Q: For the better part of four decades, I was on the hunt for spiritual experiences that would ‘expand my consciousness.’ I now realize and understand that only Self-Knowledge can provide lasting peace, and any experience is something that comes and goes in time and therefore can never be a permanent condition. However, I still find it very difficult to drop the search for a Big Bang event, after which I can safely say: “Ok, now I am enlightened for sure.”
What is confusing about this is that there are so many teachers who seem to have a pretty clear grasp of nondual teaching and still speak in terms of what happened during their awakening or enlightenment event. Francis Lucille, for example, talks about his experience in Eternity Now. (“For a few moments, the pure I-thought seemed to vacillate, just as the flame of an oil lamp running out of fuel, then vanished. At that precise moment, the immortal background of Presence revealed itself in all its splendor.”) Franklin Merrell-Wolff provides an amazingly clear description of the ‘Recognition’ events that happened to him after studying Shankara. Ken Wilber talks of having been consciously aware for 11 straight days, even through deep sleep, etc. Clearly, Ramana Maharshi and Nisargadatta Maharaj both went through Big Bang type spiritual awakenings, and of course, there are numerous other similar reports by various sages and gurus.
Recently, I came across a work by Michael Langford, titled, ‘The Most Rapid and Direct Means to Eternal Bliss’, in which he recommends a specific meditation technique. After 27 years of various Yoga and spiritual practices which proved fruitless, he discovered the method of ‘awareness watching awareness’, and promptly woke up and obtained the result he was after. The method basically consists in sitting quietly for a couple of hours a day, with awareness watching awareness, as the most direct means of finding the I-sense and abiding within it. He says that over time, there is an opening and deepening of bliss that takes place, etc. We also have the talk by Maharaj of “sitting with the I AM” for three years, and “then I realized.”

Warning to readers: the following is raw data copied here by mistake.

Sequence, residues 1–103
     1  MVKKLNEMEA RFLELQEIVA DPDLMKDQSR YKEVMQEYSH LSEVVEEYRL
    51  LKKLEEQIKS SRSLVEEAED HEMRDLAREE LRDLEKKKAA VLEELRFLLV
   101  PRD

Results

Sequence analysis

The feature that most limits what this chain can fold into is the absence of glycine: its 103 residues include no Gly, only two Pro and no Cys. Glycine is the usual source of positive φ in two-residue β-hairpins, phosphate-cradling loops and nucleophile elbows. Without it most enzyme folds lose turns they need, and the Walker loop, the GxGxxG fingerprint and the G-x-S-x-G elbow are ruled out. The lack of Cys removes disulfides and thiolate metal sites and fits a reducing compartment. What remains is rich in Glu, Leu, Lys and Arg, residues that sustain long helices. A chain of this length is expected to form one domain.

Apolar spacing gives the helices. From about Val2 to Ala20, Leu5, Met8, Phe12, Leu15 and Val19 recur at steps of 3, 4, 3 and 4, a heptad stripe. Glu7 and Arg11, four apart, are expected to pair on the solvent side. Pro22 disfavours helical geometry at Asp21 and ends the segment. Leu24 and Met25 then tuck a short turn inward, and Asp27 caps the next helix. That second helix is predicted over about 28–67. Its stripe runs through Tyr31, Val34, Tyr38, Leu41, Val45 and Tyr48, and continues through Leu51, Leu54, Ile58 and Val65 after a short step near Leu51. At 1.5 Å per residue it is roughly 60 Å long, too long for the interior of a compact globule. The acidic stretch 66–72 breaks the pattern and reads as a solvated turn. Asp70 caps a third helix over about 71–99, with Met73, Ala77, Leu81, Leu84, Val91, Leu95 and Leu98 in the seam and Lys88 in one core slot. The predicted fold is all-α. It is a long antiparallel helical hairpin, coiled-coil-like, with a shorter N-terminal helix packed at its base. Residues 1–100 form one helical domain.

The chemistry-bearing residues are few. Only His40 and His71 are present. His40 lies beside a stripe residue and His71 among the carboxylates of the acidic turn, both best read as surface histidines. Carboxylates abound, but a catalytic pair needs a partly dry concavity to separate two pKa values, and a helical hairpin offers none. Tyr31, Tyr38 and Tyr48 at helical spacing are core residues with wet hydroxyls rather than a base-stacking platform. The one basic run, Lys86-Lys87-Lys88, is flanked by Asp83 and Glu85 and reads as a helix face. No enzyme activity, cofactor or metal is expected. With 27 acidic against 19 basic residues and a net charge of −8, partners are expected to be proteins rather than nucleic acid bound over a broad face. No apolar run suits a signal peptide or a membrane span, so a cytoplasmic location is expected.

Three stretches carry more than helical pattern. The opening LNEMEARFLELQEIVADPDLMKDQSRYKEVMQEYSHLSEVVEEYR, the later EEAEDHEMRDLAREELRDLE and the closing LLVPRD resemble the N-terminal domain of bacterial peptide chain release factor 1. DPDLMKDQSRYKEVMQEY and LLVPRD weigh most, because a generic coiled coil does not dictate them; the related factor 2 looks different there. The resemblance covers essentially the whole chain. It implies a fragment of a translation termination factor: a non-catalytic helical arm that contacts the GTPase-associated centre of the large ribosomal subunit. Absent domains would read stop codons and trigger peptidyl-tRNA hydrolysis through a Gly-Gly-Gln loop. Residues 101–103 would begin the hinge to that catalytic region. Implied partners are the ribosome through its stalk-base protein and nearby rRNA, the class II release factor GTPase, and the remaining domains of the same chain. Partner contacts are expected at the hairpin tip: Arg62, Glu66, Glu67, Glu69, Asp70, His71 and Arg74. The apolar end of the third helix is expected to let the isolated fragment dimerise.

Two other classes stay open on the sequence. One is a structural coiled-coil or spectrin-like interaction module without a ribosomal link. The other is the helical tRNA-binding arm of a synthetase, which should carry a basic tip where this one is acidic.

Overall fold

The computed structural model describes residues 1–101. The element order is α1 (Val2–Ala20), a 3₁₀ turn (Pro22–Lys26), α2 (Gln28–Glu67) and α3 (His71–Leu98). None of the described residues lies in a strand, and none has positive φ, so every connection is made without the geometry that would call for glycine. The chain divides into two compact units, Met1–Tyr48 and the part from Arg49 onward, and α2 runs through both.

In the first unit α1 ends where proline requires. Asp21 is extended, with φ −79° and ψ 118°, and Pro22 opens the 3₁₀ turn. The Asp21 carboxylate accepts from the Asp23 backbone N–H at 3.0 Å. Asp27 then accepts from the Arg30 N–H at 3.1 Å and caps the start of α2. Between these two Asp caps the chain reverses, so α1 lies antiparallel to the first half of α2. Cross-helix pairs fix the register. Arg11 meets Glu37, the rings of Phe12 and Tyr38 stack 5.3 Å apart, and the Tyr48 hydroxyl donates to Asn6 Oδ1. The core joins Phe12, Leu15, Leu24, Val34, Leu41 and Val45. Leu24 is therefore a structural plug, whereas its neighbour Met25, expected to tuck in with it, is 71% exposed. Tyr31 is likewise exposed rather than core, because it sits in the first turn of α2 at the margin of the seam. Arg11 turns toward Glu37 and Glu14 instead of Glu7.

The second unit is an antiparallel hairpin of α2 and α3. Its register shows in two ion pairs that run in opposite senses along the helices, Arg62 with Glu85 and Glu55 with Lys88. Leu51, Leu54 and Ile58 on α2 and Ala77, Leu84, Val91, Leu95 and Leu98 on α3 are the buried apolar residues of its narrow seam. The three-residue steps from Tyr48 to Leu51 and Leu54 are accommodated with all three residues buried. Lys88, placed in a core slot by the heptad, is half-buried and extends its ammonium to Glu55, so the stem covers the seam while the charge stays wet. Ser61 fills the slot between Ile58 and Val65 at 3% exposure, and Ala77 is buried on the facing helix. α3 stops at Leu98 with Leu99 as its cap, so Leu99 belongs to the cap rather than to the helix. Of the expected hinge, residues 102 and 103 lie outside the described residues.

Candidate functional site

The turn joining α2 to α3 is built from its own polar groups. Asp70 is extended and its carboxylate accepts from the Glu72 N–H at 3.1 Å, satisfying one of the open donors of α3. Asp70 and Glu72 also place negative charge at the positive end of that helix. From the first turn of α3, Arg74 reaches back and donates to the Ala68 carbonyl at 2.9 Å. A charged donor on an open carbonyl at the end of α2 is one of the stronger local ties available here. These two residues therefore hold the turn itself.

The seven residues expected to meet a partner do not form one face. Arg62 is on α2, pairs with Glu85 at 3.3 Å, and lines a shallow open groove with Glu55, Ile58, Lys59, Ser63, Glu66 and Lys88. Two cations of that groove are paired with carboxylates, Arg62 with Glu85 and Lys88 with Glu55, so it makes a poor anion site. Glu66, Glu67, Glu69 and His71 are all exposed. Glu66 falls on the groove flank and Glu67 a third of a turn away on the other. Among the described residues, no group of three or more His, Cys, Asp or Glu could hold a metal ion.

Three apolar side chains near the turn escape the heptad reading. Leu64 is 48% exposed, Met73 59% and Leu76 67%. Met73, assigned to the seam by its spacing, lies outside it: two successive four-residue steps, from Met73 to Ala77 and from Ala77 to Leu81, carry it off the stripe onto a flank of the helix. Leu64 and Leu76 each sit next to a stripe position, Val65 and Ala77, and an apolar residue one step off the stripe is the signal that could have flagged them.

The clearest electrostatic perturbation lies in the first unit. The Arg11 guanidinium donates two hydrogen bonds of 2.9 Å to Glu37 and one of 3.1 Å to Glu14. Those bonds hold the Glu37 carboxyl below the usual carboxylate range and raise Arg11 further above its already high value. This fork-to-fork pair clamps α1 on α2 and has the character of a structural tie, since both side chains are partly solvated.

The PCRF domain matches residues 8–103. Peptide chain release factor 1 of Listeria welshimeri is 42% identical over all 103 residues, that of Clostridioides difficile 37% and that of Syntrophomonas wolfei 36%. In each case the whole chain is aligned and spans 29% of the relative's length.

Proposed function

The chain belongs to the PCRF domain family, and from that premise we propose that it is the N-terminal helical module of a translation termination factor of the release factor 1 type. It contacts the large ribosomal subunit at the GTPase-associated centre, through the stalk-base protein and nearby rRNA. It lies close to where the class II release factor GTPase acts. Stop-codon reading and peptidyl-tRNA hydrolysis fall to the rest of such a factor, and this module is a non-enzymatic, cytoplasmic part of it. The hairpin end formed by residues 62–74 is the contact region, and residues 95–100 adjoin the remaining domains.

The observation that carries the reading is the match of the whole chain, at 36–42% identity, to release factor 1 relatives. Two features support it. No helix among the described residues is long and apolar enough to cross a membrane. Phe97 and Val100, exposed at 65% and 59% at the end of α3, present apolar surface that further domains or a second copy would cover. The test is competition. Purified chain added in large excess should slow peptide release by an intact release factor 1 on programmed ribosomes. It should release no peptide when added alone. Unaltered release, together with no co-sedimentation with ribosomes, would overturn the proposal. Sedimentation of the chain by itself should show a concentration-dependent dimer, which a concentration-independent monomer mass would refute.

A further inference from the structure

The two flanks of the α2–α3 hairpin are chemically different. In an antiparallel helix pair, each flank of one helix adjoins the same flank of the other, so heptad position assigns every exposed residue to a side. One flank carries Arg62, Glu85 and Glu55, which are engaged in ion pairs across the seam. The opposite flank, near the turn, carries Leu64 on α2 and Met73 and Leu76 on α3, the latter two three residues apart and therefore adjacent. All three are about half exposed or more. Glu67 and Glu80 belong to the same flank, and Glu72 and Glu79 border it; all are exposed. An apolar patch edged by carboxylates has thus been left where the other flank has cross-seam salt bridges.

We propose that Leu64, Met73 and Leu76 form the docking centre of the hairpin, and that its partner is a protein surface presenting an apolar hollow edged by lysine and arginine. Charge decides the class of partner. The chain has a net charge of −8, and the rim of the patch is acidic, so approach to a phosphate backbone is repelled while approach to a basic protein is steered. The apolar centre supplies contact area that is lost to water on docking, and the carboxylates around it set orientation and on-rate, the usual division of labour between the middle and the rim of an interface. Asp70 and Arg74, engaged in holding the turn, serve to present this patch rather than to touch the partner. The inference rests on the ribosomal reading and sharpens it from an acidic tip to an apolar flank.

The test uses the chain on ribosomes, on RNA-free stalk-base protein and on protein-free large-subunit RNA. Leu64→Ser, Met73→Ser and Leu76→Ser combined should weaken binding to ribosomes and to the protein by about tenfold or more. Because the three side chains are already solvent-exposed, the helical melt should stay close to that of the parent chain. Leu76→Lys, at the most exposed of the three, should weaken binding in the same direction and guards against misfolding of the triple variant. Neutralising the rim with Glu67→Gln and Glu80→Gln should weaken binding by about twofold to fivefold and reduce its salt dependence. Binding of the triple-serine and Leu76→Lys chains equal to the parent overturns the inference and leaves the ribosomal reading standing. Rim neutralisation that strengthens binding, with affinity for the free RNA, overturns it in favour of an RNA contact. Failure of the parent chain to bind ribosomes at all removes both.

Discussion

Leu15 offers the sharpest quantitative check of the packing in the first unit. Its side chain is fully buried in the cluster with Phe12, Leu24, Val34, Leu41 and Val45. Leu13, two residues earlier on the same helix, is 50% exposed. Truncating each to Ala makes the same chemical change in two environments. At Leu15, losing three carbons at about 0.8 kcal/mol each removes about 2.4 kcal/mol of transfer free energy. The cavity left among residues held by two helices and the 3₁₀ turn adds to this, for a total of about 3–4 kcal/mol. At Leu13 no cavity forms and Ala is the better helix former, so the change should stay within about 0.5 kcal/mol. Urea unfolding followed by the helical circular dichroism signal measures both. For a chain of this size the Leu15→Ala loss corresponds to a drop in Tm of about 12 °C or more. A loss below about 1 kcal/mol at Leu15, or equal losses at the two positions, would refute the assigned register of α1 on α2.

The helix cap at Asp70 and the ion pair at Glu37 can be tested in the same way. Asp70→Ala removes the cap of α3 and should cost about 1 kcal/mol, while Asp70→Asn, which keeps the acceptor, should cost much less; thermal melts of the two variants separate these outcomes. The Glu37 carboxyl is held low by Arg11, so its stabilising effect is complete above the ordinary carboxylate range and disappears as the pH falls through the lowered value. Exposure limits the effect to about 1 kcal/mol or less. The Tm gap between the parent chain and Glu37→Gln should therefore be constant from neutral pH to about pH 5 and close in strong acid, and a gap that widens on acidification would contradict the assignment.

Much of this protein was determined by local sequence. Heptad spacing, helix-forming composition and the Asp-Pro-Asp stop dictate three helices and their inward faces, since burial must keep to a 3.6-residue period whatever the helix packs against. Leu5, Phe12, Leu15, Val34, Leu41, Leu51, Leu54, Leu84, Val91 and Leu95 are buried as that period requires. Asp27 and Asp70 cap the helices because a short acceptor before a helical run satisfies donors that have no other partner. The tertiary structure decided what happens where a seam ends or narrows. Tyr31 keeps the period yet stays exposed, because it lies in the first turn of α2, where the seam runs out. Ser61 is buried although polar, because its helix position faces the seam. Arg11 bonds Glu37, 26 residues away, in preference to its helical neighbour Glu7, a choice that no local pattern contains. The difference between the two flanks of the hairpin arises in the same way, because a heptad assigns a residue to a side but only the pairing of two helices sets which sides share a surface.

I guess my question is twofold: are any of these methods of self-inquiry via sitting in meditation worth pursuing, or am I still fooling myself in looking for the Big Bang? And if so, how do I drop this lust for a major transformative event?
A: The impossibility of a non-dual ‘experience’ and the distinction between knowledge and experience in advaita have already been discussed in other question & answers (See 78, 151 230 and 309 for example) . But it is such a common misunderstanding that it bears repetition:
It is not the case that one gains ‘intellectual understanding’ and then has to go on and gain anubhava – the ‘experience’ of something that will provide the actual ‘enlightenment’. If you understand and fully accept the tenets of advaita – if you have heard the teaching (shravaNa) and had all of your doubts removed through asking question, further reading etc (manana) – then that is it. It may take longer to ‘internalise’ all of that (nididhyAsana) and for it to become the background to your entire outlook on life, but there is nothing more to be done.
What more could there be to do? You are brahman because you always have been brahman. It was just that you did not appreciate it. You were ‘experiencing it’ all of the time without realizing it. Once the ignorance has been removed, you know it. Where could there be a question of experiencing something else? There is nothing else!
In my experience, meditation is useful. But its value is in conditioning the mind, since it is in the mind where enlightenment takes place. But unless the knowledge is there, stimulated by the appropriate input, nothing will happen. I.e. meditation cannot be a means to enlightenment on its own. If the truth has already been heard and considered then maybe the stillness of mind brought about by meditation will allow the ‘event’ to occur. But the meditation is only providing more conducive conditions. In the case of Michael Langford, assuming he is enlightened, this may just have had something to do with the assimilated knowledge over the previous 27 years!
My own experience and belief is that there need not be any ‘event’. It may simply be realized one day that there are no more questions and no more doubt. Further reading, discussion, etc. may help consolidate this and help answer others’ questions but it does not ‘add’ to the truth, which is already known. In what, in any case, could a ‘transformation’ consist? Who would be transforming into what?